13.  The ancient Greek term for 'ravenous hunger' (from 'ox' and 'hunger') became in modern times the scientific term for what disorder? Bulimia (bulimia nervosa in full, meaning 'nervous ravenous hunger' – this is the eating disorder of binge-eating and purging/vomiting. Actually bulimia, long ago simply gorging, has existed for millennia. Bulimia nervosa has also existed relatively rarely in customs for millennia, although not in its modern form, instead notably for example among Roman soldiers before battle, and elite gluttons before feasting. Modern bulimia nervosa is far more complex, and common, and unrelated to feasting and wars, and a very dangerous facet of mental illness. As with most mental disorders, bulimia nervosa does not appear without reason; it is an illness caused by troubles in earlier life. Solutions extend beyond better treatments, to identifying and eradicating the causal factors in societies.) 


14.  What poorly understood disease, named after the German scientist who identified it c.1906, causes 60-70% of dementia? Alzheimer's disease (after Aloysius Alzheimer, 1864-1915. Over 30 million people globally are suffering with Alzheimer's disease. Millions of others are undiagnosed.  Alzheimer's is one of the most costly diseases to healthcare, societies, and economies; financially obviously, and in terms of  implications for families of sufferers. To a degree Alzheimer's is a feature of increasing life-expectancy, although this is not the full explanation. Lifestyles and the modern world produce causal effects too, and these are quite separate to age-related causes. Prevalence of Alzheimer's, adjusted for population growth, is increasing significantly. Prevalence of Alzheimer's in less developed nations, again adjusted for population and other distortions, is less than in developed nations, which is very revealing about the risks of the modern world. Besides this, treatments for Alzheimer's are widely inconsistent; with poor quality and insensitivity common too, despite the best efforts of most carers and health professionals. Alzheimer's is a very difficult disease to deal with, especially in patients who exhibit aggressive or offensive aspects of the condition. Alzheimer's and other dementia sufferers, by the nature of the condition and our poor understanding and handling of it, are among the most vulnerable victims of  health services difficulties everywhere. The effects of the disease on the modern world are incalculable. Alzheimer's and dementia are also [at 2018] incurable, and this prognosis means that the potential for emotional devastation is far greater than illnesses which offer some hope of recovery.)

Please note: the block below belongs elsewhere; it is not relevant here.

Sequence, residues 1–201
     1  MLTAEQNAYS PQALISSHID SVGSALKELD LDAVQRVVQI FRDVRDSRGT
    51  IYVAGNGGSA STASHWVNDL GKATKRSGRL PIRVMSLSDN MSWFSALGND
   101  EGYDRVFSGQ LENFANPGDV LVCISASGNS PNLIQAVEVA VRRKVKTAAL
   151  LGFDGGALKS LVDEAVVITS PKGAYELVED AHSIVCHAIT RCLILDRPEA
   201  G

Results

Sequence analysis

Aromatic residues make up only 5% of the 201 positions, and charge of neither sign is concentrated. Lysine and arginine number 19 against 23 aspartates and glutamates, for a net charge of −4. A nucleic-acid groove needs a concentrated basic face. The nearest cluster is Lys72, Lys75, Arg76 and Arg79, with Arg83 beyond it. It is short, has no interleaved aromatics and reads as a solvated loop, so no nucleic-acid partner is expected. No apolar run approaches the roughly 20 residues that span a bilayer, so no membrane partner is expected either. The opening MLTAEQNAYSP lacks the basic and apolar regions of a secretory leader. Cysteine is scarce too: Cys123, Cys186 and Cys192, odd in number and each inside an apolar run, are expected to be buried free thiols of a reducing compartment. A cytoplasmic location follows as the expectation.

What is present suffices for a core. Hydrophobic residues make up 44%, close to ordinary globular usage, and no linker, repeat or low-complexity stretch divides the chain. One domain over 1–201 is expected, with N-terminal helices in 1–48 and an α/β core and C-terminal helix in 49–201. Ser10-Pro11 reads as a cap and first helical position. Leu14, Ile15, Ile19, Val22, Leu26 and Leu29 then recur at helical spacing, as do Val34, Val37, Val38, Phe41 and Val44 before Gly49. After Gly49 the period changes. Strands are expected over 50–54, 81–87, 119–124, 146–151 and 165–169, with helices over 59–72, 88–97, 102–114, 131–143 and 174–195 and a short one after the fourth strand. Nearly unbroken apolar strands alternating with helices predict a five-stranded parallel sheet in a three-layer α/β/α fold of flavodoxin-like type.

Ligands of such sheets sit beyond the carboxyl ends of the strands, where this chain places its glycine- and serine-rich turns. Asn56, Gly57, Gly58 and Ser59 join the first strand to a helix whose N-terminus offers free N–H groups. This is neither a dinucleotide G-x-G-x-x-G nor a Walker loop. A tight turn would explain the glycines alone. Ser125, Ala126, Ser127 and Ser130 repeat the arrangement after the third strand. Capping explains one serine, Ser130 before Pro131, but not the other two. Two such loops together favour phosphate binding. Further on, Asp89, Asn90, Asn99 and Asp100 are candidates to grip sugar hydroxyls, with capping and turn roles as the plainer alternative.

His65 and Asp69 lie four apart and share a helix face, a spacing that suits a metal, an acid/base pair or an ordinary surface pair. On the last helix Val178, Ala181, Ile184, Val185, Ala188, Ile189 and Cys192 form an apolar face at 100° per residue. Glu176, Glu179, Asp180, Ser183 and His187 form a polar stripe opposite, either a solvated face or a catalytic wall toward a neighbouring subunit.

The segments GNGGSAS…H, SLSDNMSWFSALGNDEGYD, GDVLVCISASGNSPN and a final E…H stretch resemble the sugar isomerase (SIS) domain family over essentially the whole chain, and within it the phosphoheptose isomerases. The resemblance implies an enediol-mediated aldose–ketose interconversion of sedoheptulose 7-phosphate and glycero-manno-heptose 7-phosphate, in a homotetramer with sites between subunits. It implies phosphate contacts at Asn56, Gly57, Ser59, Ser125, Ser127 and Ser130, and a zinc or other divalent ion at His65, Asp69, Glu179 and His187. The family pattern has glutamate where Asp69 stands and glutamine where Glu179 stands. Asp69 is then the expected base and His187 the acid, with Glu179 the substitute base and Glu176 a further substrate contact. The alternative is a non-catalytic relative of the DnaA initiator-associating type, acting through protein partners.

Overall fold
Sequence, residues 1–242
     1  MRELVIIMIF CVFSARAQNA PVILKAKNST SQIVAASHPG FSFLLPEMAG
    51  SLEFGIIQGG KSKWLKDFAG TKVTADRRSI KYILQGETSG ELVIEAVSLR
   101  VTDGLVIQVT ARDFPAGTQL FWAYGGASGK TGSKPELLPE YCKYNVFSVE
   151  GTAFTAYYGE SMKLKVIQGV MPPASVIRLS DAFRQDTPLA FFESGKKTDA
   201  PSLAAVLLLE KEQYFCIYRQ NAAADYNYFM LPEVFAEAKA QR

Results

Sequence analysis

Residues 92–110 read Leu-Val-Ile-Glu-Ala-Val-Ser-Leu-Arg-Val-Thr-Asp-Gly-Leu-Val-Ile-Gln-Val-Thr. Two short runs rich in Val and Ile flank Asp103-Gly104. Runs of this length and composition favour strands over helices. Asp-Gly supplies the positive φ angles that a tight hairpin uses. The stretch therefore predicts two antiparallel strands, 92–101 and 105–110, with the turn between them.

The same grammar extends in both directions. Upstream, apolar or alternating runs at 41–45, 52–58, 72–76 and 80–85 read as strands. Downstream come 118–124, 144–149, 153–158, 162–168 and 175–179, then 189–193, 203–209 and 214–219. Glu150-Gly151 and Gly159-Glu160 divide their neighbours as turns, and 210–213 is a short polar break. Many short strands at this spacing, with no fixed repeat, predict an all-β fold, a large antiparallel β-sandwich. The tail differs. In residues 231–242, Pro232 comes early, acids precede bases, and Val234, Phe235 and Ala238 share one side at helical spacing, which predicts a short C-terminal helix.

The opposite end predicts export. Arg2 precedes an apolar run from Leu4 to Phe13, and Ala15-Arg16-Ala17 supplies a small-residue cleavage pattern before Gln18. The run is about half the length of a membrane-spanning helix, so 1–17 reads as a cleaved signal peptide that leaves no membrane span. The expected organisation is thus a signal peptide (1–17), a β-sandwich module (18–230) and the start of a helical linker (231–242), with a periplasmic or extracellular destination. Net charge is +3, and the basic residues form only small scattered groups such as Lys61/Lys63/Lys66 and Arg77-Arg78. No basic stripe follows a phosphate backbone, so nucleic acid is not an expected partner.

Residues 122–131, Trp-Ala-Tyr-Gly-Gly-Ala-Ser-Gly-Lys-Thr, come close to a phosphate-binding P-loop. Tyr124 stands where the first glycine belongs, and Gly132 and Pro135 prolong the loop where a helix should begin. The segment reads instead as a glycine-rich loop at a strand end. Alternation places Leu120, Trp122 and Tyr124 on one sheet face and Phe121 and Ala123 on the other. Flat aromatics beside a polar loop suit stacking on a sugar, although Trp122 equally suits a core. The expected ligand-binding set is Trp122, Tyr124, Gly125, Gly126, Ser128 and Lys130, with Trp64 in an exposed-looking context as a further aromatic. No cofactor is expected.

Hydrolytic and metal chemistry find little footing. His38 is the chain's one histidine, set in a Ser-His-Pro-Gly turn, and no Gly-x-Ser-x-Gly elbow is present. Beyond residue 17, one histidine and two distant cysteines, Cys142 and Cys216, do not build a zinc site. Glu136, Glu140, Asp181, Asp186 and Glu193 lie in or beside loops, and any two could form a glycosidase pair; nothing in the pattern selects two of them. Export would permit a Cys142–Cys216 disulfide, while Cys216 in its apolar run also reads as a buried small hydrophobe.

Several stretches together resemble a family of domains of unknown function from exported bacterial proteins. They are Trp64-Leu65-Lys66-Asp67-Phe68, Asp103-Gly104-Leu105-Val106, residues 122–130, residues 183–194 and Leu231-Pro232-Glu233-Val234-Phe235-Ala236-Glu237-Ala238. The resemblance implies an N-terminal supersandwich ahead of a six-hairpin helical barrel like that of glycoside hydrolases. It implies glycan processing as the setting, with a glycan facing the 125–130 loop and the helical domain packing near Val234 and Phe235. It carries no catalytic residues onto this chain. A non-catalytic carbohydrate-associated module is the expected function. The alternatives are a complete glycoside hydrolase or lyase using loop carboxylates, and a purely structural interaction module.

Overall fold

15.  Which of one these is helpful prior to sleeping: Watching TV; Reading a book; Eating a big meal; or Texting friends? Reading a book (This is provided that the book is a printed book and not a screen/e-book. The other things are proven to act against a good night's sleep. And yet most adults, and especially young people, eat too late, drink coffee too late, drink too much alcohol too late, and mess about on phones and tablets until just before sleeping, and most teenagers are using their phones in bed, way past a sensible sleep time. Adequate good sleep is proven beyond all doubt now to be a major aspect of keeping well, avoiding mental problems, and also vital for recovering from or coping with a mental disorder.)